This morning's meditation included a section of James Freeman Clarke's "Prayer" (see all posts jfc) on "Prayer without ceasing" Some excerpts:
"This spirit of constant prayer was a natural growth of Christianity; one peculiarity of which...was to insist on a permanent union of the soul with God, and an immanent presence of the Holy Spirit in the heart...Hence Christianity is spoken of as a life; as a constant, regular activity of the spiritual nature..."eternal life abiding within us"...Therefore to pray without ceasing intends the unbroken union of the soul with God, so that all of life shall flow from God and to God...Therefore to pray without ceasing is to work for man in constant reliance on God; to work for Christ, and in every moment of need to look to God for strength wherewith to work. While this habit of intercourse with God is maintained, while we thus bring all parts of our life before Him in thankfulness, penitence, or supplication, we fulfil the command to pray without ceasing."
Even at the mall, the Saturday before Christmas, in a snowstorm. Blessings
Hi Boston Unitarian:
Having been brought up a good Roman Catholic boy, and one who was in the seminary for awhile, I am familiar to this idea of prayer without ceasing and frankly I never got it.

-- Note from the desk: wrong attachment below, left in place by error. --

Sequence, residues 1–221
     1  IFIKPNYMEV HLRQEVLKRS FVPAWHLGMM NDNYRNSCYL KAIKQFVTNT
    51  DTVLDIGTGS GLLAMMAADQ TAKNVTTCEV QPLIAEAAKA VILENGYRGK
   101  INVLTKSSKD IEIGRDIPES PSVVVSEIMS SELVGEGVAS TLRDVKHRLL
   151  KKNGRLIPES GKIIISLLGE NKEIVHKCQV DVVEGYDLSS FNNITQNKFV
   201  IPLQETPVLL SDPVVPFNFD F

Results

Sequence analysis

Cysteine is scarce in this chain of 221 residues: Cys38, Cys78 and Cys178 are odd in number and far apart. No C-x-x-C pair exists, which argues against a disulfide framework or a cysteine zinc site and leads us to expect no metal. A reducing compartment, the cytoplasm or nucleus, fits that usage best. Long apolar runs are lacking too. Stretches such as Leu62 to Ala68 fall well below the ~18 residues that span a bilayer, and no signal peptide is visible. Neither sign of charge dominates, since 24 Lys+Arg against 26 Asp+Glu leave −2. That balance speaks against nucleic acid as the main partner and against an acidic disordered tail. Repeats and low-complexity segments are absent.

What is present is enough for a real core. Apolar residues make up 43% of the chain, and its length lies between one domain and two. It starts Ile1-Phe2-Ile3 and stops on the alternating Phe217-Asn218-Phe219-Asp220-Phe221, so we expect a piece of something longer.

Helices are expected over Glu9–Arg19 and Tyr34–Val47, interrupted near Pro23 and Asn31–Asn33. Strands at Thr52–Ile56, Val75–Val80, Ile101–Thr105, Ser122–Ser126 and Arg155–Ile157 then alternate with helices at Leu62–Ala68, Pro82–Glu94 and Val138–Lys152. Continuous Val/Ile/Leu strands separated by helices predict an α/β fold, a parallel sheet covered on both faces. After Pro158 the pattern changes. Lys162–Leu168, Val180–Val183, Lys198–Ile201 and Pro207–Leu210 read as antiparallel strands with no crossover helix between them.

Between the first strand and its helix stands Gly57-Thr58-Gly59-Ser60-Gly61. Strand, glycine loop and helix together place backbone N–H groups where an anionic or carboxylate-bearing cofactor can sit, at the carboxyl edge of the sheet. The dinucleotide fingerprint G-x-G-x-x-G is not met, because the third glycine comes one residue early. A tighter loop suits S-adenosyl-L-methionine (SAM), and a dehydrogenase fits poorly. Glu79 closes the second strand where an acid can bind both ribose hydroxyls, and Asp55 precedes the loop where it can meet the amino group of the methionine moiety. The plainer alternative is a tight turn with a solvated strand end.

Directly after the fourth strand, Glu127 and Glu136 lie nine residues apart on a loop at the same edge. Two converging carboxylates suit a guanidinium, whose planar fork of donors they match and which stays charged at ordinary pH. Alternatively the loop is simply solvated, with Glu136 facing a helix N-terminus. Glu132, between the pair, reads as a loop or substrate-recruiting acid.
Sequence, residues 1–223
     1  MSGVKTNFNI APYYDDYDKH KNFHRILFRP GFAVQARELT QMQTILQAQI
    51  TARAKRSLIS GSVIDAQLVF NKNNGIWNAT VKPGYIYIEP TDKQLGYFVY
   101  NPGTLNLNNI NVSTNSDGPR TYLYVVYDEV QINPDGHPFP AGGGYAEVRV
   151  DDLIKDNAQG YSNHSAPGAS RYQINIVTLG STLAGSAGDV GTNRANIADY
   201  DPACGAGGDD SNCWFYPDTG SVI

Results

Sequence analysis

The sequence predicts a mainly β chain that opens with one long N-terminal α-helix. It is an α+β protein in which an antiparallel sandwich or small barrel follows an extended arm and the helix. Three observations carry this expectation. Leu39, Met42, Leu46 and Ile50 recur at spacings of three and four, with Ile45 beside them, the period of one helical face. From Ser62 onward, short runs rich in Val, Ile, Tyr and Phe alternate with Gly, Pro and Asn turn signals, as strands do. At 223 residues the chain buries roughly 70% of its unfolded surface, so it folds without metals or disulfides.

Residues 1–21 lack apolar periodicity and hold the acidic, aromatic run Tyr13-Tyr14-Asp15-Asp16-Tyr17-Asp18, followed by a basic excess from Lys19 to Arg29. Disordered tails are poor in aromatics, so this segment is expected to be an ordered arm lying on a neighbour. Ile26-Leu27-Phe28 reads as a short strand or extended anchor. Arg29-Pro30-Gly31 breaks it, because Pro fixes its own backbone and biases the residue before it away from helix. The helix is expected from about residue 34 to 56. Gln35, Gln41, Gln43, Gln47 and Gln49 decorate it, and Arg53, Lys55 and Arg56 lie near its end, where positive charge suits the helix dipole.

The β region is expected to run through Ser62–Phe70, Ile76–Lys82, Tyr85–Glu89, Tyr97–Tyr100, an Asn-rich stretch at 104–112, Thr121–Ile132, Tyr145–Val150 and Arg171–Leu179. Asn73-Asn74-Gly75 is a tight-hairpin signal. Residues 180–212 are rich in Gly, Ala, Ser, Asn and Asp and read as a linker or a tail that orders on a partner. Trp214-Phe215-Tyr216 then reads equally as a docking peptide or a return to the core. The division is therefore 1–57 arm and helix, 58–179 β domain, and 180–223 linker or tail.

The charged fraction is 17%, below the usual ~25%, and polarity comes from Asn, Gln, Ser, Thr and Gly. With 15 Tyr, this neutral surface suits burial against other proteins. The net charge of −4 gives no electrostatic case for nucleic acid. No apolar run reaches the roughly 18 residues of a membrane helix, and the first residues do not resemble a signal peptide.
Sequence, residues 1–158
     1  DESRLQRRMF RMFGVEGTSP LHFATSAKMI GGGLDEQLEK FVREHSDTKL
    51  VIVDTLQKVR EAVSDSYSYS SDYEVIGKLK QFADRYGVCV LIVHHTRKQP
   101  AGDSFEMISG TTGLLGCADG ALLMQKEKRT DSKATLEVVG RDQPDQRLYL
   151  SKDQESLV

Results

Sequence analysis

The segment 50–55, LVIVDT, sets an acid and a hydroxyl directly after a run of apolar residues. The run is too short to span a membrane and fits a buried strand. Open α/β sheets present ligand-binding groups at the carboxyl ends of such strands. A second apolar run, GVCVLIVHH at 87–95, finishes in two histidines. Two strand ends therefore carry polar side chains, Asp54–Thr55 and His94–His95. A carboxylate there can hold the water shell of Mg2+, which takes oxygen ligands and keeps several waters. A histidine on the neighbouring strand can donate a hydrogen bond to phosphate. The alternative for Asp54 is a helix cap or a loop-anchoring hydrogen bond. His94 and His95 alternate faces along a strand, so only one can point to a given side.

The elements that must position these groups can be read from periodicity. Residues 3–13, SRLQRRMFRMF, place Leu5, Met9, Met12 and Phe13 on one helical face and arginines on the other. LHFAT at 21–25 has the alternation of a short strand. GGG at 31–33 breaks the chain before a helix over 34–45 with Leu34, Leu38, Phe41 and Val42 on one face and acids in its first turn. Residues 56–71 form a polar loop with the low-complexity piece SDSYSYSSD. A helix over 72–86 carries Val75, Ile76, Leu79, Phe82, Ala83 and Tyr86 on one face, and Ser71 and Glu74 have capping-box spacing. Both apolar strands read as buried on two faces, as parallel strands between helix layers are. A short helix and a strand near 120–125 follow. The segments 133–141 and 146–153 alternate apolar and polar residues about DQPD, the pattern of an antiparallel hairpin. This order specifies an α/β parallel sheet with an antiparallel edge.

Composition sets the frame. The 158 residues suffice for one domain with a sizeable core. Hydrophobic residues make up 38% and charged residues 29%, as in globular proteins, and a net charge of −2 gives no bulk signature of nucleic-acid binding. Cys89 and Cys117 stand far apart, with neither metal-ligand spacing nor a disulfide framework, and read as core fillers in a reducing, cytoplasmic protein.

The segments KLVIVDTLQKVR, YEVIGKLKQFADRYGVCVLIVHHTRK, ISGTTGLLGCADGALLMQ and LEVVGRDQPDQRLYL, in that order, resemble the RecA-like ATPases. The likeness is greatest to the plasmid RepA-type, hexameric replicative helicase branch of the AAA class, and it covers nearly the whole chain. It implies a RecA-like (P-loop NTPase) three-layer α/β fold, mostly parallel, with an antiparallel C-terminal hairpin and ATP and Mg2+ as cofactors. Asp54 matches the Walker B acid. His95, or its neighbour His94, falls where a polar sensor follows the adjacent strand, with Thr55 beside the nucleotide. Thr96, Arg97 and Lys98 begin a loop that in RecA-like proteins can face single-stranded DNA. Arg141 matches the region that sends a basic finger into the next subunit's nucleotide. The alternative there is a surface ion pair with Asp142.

The more recent idea of mindfulness or awareness makes more sense to me.
To go about one's business and life mindfully makes a lot of sense to me and if they includes one's relationship with a higher power, that's great.
Constant inner dialogue with the Almighty would drive me nuts, but a quiet centeredness and meditativeness would be nirvana.
Love your blog!
All the best,
We love knowing that you're not perfect.
BTW, I like to call it "the Maul."
Hi Mr. Markham,
Many thanks for your comment and your kind words. It often strikes me in reading the "Boston Unitarians" how close their idea of a religious life is to the practice of mindfulness. It does not depend on externals, or on an emotional "experience" of some kind, but a deep attention to each moment. Doing your nearest duty...
Thanks again and Blessings
I felt a little "mauled" by the time I left! Many thanks
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